• Identify intermediaries that could assist you enter the market place
    • Identify the best way to market your products in the foreign marketplace
  3. Research methodology: This part of the research brief is quite important and will outline how you plan to carry out your export marketing research. In this regard, there will be two main objectives behind the research methodology that you implement (linking up with the market and marketing research persepctives we mentioned in the previous section):
    1. The first part of the methodology is to evaluate countries abroad and to segment these countries into two or three groups, the main group being a shortlist of three to five countries that you believe offers your firm real potential for exports (the other two groups are those with some potential and those with no potential). These countries/markets you have shortlisted will be further studied in order to
      • Narrow your shortlist down to one or two countries - this you would do using more extensive desk research
      • Select one or more market segments within the countries you have chosen on which to focus your marketing research efforts (see point two below)
      • To better understand the foreign environments that you will be competing in in the case of these two countries - done using desk research and in-market research
      Go to CountryHelp.co.za to find out more about individual countries.
    2. To better understand how your company and its marketing mix will best meet the needs of the customer within the foreign marketplace - done using desk research and in-market research. To this end, you may need to undertake both desk and in-market research, as well as secondary and primary research (we discuss the later on in this section). In this section, you would need to elaborate on the means of doing this research. For example, will you need to interview several hundred potential customers to better understand their needs, or will you simply interview several intermediaries and trust their feedback and view of the marketing opportunities for your company?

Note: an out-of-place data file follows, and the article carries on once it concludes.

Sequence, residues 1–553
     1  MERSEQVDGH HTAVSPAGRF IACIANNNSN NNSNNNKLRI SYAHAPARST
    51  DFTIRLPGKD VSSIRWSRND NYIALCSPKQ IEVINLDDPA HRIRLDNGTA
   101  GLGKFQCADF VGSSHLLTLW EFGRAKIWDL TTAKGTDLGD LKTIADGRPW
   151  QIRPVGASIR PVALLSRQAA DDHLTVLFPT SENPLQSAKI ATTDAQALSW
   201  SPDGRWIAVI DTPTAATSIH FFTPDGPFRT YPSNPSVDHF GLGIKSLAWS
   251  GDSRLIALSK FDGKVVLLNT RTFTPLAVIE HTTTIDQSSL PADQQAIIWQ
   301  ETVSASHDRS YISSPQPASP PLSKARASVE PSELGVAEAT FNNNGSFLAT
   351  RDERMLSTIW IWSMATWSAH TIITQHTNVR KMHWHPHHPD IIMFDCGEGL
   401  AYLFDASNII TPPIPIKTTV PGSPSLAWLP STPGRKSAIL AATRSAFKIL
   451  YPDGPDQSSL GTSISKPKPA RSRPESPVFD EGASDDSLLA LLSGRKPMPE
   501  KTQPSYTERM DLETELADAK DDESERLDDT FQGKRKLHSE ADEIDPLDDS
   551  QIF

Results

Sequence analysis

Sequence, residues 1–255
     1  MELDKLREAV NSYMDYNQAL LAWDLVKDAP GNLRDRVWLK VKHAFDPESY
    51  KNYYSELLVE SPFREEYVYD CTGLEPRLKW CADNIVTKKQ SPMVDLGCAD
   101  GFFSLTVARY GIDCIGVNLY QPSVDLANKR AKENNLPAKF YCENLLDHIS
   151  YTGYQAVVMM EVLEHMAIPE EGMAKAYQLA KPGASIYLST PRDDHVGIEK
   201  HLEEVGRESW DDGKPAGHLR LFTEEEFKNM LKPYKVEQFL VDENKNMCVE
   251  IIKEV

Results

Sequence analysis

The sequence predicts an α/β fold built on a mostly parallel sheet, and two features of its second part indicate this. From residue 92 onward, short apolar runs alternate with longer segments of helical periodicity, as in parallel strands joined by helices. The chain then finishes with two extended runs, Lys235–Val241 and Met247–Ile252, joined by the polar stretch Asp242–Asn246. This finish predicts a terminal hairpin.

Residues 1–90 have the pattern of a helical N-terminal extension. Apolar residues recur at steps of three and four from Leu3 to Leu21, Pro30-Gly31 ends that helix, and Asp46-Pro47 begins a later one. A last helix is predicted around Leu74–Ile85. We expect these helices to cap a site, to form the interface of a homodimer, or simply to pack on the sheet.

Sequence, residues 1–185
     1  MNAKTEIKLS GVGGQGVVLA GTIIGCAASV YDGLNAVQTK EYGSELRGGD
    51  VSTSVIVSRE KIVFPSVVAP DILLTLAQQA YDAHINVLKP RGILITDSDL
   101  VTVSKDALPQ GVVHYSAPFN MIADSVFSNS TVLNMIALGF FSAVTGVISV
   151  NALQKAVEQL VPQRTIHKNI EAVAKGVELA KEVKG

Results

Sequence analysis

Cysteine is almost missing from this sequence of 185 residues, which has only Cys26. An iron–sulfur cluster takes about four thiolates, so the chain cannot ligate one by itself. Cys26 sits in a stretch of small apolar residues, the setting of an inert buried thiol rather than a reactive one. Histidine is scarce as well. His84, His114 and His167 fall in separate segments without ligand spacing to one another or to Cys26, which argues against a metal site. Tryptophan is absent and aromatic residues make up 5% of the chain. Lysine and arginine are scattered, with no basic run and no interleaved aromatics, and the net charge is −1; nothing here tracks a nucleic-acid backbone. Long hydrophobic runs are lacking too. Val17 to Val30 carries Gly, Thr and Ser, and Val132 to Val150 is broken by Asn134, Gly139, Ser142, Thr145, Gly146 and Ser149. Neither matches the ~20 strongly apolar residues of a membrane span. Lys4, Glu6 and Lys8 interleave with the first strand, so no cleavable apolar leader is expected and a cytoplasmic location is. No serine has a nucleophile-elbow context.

4. Research budget: A statement of the money you will make available for this research. Click here to read more about preparing a research budget for your exports.
  5. Research schedule: The research schedule should indicate how long this research will take to complete and when the various outputs of the research can be expected.
  6. Conclusion: The brief will end with a conclusion, summarising the purpose of the research and indicating that all of the outcomes generated by this brief will be compiled into an export market(ing) research report..

The brief must represent clear guidelines for researchers

The research brief must be unambiguous, i.e. it should mean the same to all concerned. This is particularly important if you plan to use an external market research organisation to do the research for you or if you plan to appoint another staff member within your firm to take responsibility for the research. In addition, the degree of accuracy expected in terms of the results should be specified in the brief. As the research will probably be a basis for decision-making, benchmarks need to be established against which results can be measured.

Evaluation criteria

A brief description of the other important criteria you will use in order to guide your research efforts in (a) selecting between countries and (b) evaluating specific markets, e.g. "Market selection should, in particular, take into account the need to use specialised overseas marketing staff as economically as possible" (i.e. indicating to the researcher that (s)he should try and find a collection of markets which are clustered together geographically and within which the fewest possible languages are spoken).

The company's export capabilities will influence the brief